Who needs a coordinator?

Nearly six weeks has passed since David Cutcliffe announced he was leaving the offensive coordinator position at Tennessee to become head man at Duke, and head coach Phillip Fulmer is still scrambling to find a replacement.

Naturally, this surprising development has a goodly number of Volunteer fans fretting. Their shared concern: Who'll call the plays next fall?

Well, the Vol Nation can relax. Fulmer is no stranger to calling plays, having done so during a successful stint as offensive coordinator (1989-92). The Vols averaged 28.8 points per game in '89, 35.8 in '90, 29.3 in '91 and 28.9 in '92, compiling a record of 38-9-2 during that span.

If Fulmer is reluctant to take on the play-calling duties, here's another option: Install a giant wheel in the coaches' booth, with the front divided into brightly colored sections like you see on the TV show "Wheel of Fortune."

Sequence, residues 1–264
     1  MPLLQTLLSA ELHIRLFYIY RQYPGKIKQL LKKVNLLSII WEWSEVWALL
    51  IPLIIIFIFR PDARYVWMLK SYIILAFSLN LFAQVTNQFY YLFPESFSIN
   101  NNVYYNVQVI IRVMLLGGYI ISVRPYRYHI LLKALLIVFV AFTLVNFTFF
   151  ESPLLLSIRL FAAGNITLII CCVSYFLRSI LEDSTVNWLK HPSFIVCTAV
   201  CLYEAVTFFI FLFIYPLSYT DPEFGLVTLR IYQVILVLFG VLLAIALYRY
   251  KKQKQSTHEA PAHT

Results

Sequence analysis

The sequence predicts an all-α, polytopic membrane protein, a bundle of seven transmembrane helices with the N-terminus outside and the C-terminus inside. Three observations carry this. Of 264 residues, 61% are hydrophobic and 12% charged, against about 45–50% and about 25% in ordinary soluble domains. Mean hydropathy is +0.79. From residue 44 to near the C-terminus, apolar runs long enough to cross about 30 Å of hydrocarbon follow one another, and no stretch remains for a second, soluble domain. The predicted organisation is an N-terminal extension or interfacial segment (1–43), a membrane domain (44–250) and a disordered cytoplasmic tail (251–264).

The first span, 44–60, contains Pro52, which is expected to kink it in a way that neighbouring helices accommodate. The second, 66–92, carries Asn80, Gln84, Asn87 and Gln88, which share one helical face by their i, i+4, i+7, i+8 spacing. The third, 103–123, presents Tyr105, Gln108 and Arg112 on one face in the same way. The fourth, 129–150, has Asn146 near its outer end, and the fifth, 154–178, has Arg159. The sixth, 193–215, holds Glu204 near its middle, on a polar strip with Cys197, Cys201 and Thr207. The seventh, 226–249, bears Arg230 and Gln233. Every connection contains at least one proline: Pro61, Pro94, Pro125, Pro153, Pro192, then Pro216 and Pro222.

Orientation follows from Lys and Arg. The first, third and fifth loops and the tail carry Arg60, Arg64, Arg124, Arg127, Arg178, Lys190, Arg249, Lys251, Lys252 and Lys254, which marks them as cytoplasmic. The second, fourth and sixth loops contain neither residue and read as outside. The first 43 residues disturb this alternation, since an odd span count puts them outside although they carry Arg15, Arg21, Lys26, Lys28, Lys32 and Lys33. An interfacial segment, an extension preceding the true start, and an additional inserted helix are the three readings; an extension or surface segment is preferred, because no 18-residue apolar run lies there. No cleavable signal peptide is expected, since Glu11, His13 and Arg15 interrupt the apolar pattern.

One section of the wheel could be marked "off-tackle run." Another could be marked "toss sweep." Another could be marked "draw play." Another could be "quick hitch." Another could be "throw deep." Another could be "screen pass." Another could be "fumble-rooskie." (No, scratch that last one.)

Before each offensive snap, one of the assistants in the coaches' booth gives the wheel a spin, then relays the chosen play to the sidelines. If the play works, the assistant gets to spin again. If not, another assistant takes the next spin.

Talk about the element of surprise! How can the opposing defense anticipate what the next call will be when UT's own staff doesn't know?

Whenever someone questions Tennessee's play selection, the common response from the staff is "It's more about players than plays" or the infamous "It's not the Xs and Os, it's the Jimmys and Joes."

My "Wheel of Misfortune" suggestion would put that theory to the test.

And, if the wheel idea doesn't work, there's always Fulmer as a fall-back plan.


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